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Birth and Parentage-Descent-His Mother-Education-Early Business
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JOHN CHARLES MOLTENO was born on the 5th of June, 1814, three months before the final cession of the Cape of Good Hope to England, and one year before the battle of Waterloo. The stirring events of the time in which he was born were reflected in his christian names. It was said he was called · John Charles' after Napoleon's General Bernadotte, who at this time was making a considerable stir, and who became King of Sweden in 1818. These were the days of Catholic disabilities. His father, John Molteno, was a Catholic, and the boy's birth was registered at the Bavarian Ambassador's Chapel in Warwick Street. Mr. Molteno was in the home Civil Service at Somerset House, and he died at an early age, but he had already attained to the position of a Deputy-Controller of Legacy Duty, while he had also qualified himself to practise as an attorney of the King's Bench. His wife was Caroline Bower, a daughter of Mr. George Bower, whose family have been connected for generations with the Bank of England, and who himself occupied the VOL. I.
position of head of one of the legal departments in that great institution.
As the surname indicates, the family was originally of Italian descent, though already settled for some generations in England. Three brothers had come over from Italy with their friends the Colnaghis, the founders of the wellknown firm of printers and lithographers in Pall Mall. Italy is a country of very ancient memories and records. Leland tells us that there are still families extant whose names are to be found written in Etruscan characters on ancient monuments upon the estates of which they are still in possession. If this cannot be said of the Molteno family, it is nevertheless sufficiently ancient. An old chronicler thus explains the origin of the name: “The noble signors, after the destruction of Milan by Uraja, who had retired among the surrounding villas, seeing the danger of their situation, turned to Milan, and, that they might be distinguished family from family, preserved, every one of them, as a distinctive name, the name of the district or villa from whence they came. And in this manner many of the Milanese families had their origin from the Brianza : such names are the Pirovano, the Brevio, the Osnago the Molteno. . . all noble families whose names occur in our most ancient charters and historical documents, and all now extant.'
If we ascend to the roof of the Cathedral at Milan and look northward to the line of Alps, we are struck by the peculiar serrated ridge of the mountain Il Resegone (the Saw), which marks the extremity of the Lecco arm of the Lake of Como. All who have read Manzoni's novel, The Betrothed,' will remember the description of the country
! • Englishmen and Frenchmen are the result of modern mixtures of people, but the Italians, like Hawthorne's Marble Faun, are absolutely ancient, if not pre-historic. There are families in Italy who find their family names in Etruscan monuments on their estates.' P. 11 of Introduction to Etrusco-Roman Remains, by C. G. Leland.
with which he opens the narrative. In this neighbourhood the crested Alps cease, and are represented by subdued ridges and isolated hills, interspersed with small lakes, together comprising a country celebrated for its beauty and fertility. This is the Brianza or Bel Paese. The hills finally pass into the level plain in which lies the great city of Milan. If we proceed over the bridge at Lecco along the Via Promessi Sposi, passing the lakes of Anone and Pusiano, very charming in their quiet beauty, after traversing a distance of nine miles we arrive at the small town of Molteno, situated on one of the isolated hills, the slopes of which are covered with vines and mulberry trees; the church towers above the town, crowning the hill top and commanding extensive views from its broad steps. The houses cluster in narrow, crooked streets about the lower slopes and base of the bill. This is the spot which gave its name to the family of Molteno. It must have formed a strong position as a fortress, and though the castle has disappeared, the spot is still known as the Piazza di Castello. Here they founded a church, and for many years held the patronage in consequence.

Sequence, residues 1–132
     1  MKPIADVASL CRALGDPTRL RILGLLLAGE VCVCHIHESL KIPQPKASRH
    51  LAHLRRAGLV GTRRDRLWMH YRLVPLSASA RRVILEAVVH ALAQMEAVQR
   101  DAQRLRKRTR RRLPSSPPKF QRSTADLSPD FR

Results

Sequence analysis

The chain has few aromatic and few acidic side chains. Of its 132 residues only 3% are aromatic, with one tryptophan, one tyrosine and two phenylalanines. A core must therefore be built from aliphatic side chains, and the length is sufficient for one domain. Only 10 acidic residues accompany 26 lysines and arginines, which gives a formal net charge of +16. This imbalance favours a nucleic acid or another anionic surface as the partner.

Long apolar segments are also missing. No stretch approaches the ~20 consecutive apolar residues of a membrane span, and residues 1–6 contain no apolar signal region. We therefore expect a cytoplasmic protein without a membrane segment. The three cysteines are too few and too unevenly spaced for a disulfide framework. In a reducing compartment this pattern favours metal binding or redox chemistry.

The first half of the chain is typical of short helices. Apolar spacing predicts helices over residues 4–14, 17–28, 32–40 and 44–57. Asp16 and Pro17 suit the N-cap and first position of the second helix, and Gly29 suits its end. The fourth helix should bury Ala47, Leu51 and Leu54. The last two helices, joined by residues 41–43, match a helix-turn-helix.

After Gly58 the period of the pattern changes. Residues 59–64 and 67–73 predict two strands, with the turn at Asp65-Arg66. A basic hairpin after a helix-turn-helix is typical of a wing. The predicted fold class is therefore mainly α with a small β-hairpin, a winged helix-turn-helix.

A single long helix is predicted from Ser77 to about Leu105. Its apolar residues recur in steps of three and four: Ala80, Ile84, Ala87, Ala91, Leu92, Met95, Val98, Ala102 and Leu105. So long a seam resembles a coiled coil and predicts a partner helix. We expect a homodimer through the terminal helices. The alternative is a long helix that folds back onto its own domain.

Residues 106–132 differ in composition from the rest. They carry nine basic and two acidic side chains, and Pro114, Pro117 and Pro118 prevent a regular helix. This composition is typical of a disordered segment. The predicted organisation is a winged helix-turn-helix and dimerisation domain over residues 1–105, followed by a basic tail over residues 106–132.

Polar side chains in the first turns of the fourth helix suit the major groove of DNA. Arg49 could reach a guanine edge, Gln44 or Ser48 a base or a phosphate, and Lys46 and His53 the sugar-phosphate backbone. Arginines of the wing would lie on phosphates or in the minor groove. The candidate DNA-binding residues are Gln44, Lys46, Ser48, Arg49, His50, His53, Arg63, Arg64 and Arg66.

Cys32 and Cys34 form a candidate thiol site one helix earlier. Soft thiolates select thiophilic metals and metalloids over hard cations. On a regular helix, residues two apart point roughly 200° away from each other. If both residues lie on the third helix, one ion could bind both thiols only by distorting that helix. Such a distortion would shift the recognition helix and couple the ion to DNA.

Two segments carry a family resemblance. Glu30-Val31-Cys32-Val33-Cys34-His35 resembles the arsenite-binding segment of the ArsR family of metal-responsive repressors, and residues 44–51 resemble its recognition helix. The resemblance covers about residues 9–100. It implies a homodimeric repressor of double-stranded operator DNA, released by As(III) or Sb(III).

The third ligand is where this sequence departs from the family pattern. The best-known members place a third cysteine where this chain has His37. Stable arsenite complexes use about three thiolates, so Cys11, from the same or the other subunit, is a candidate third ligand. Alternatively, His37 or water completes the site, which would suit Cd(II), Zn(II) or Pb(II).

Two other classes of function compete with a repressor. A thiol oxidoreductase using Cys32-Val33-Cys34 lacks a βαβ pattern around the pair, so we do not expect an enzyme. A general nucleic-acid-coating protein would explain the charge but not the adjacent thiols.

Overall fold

The name of the family of Molteno occurs frequently in the early history of the Brianza. While retaining possession of Molteno they were among the leading families of Milan, and came into especial prominence at the time of the great struggle between the Emperor Frederick Barbarossa and the municipal towns of Lombardy. The family of Molteno are specially mentioned as having taken part in the negotiations with Frederick relative to the surrender of their native city in the year 1162.2
See Teatro Araldico, Lodi, 1843, vol. iii. ? Milan was at this time the first city of Italy, and headed the league which had for its object a determined resistance to the pretensions of the Emperor to the exercise of rights which had long fallen into abeyance. Frederick Barbarossa, the imperious and energetic representative of the Roman Emperors, led from Germany seven successive armies against the Lombard towns; the brunt of the struggle fell upon Milan. Having attacked her with an army of 15,000 cavalry and 100,000 foot she successfully repelled his assault, and so little was